Lessens Bowel Movement Frequency in Irritable Bowel Syndrome Patients
Research conducted in a series of studies shows that ingestion of S. boulardii significantly diminished the number of bowel movements in people with diarrhea-predominant irritable bowel syndrome. Use of S. boulardii also improved the texture of the stool.

Reduces Likelihood of Contracting Travelers’ Diarrhea
In 1989, a group of Austrians planning a worldwide tour participated in a study to determine the efficacy of S. boulardii in preventing “travelers’ diarrhea.” They ingested S. boulardii on a daily basis, five days prior to departing. It was found that the higher the dosage, the less likely the tourists were to develop diarrhea while experiencing food and water qualities of varying levels. It was also found that the incidence of diarrhea corresponded to the locations visited. (7) Another advantage of using S. boulardii during travel is that the yeast does not need to be kept as cold as some other probiotic strains.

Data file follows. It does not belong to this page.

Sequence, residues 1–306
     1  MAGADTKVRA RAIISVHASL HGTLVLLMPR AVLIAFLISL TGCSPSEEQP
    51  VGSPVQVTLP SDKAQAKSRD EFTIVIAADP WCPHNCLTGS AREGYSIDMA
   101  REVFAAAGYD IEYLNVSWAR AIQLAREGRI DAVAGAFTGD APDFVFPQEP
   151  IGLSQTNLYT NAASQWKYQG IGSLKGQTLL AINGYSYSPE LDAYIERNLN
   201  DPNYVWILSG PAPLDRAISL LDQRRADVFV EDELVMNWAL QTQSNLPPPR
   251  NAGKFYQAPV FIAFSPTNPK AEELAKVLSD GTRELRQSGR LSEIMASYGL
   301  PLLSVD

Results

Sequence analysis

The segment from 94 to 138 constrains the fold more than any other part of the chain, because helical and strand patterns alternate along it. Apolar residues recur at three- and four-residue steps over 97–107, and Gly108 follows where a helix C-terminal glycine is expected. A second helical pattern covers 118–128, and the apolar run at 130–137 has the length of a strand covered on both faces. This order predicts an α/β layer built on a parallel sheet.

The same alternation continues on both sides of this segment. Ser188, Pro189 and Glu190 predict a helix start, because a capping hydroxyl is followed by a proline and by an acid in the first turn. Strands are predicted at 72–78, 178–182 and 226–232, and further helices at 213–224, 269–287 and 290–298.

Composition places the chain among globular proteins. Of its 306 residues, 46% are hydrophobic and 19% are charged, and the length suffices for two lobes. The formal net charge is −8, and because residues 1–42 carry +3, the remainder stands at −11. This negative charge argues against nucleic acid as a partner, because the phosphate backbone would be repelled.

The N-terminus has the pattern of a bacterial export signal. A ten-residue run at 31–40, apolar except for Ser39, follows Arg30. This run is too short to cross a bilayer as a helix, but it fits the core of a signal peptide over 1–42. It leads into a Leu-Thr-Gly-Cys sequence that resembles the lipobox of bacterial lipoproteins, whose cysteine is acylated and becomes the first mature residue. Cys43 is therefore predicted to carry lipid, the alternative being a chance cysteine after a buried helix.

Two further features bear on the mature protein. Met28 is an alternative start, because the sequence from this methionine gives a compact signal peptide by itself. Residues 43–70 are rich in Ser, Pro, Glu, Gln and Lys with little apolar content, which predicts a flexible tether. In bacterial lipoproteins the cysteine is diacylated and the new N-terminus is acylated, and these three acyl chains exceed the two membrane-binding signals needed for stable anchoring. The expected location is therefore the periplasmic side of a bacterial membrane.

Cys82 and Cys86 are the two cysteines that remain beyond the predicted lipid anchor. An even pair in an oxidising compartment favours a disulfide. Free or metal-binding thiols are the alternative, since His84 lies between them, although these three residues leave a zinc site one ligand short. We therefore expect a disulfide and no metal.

Decreases Diarrhea as an Antibiotic Side Effect
Although the primary purpose of antibiotics is to kill infection-causing bacteria in the body, they can produce undesirable side effects like diarrhea, as well as the cramping and nausea associated with it. When used as a preventative treatment, S. boulardii has been shown to reduce the onset, duration and frequency of this side effect among adults. (8)

Assists in Anti-Inflammatory Protection
When the body is affected by an Escherichia coli (E. coli) infestation, the proinflammatory cytokine known as Interleukin 8 has a tendency to become secreted in the gut. The use of S. boulardii is seen as beneficial to prevent such secretions, reducing the severity and toxicity of the E. coli bacterial invasion. It has been demonstrated that the effect of the S. boulardii yeast on E. coli is not to reduce the number of adherent bacteria produced, but to lower the number of intracellular bacteria by some 50 percent. (9)

Safety of Saccharomyces boulardii:
S. boulardii is generally well tolerated. Side effects, which are typical of many probiotics, include flatulence, bloating due to gas, constipation and increased thirst. These side effects become less pronounced with regular use of the yeast. People who are allergic to yeast should not use S. boulardii. Patients with severely compromised immune systems should consult a doctor prior to using S. boulardii supplements, as there is a possibility of the development of fungal infections. Infections of this nature have not been reported among S. boulardii users with healthy immune systems. Certain antibiotics may interfere with the efficacy of probiotics, reducing or obliterating the bacteria colonies. The yeast should not be used in concert with anti-diarrhea medications.